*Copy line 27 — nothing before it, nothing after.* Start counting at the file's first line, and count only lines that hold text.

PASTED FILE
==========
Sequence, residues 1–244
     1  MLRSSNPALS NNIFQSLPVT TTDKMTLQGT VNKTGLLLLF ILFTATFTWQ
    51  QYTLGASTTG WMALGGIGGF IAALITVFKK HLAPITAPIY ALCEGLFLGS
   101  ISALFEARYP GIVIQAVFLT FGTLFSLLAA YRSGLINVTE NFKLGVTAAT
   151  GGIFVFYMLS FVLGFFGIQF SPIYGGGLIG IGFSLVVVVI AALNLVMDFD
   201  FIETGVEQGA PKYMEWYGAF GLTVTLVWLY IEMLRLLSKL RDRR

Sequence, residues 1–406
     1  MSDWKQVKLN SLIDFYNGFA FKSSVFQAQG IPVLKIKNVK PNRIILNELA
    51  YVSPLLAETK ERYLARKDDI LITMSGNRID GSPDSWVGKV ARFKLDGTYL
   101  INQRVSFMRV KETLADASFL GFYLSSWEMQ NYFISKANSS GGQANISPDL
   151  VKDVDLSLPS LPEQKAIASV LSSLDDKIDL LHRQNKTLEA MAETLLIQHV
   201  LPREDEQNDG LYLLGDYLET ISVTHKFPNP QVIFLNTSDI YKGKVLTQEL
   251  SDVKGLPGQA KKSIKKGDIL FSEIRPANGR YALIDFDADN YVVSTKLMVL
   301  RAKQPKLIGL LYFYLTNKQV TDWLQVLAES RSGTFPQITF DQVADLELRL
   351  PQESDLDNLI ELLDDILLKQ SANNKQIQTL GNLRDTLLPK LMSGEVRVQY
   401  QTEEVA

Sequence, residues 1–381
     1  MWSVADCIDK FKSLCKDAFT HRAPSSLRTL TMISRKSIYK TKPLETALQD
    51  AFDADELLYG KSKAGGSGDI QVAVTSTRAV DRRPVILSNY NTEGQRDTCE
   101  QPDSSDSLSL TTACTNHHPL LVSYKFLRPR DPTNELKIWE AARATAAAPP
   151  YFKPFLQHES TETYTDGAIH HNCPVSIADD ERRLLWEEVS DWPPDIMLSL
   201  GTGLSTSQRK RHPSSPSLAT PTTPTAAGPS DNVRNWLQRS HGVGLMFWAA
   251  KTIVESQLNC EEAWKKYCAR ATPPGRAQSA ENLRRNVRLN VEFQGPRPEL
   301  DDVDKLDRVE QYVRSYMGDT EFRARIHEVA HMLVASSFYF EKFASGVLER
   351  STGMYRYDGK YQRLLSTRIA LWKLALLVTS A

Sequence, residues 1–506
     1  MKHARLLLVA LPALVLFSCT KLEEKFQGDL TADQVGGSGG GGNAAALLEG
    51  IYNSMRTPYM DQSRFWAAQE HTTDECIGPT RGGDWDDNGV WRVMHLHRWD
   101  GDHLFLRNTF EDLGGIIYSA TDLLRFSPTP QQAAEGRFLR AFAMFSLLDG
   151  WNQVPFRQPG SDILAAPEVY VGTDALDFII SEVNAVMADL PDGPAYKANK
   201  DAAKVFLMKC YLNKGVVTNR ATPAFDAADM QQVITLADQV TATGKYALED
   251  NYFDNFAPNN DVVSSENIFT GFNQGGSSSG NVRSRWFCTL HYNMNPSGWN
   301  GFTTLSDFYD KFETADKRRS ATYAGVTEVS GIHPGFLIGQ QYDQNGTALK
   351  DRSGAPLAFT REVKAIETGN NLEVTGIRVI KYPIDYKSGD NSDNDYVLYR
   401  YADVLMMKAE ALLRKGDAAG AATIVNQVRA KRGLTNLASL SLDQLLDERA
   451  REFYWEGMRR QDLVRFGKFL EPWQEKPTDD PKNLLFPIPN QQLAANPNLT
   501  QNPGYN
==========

     1  MKHARLLLVA LPALVLFSCT KLEEKFQGDL TADQVGGSGG GGNAAALLEG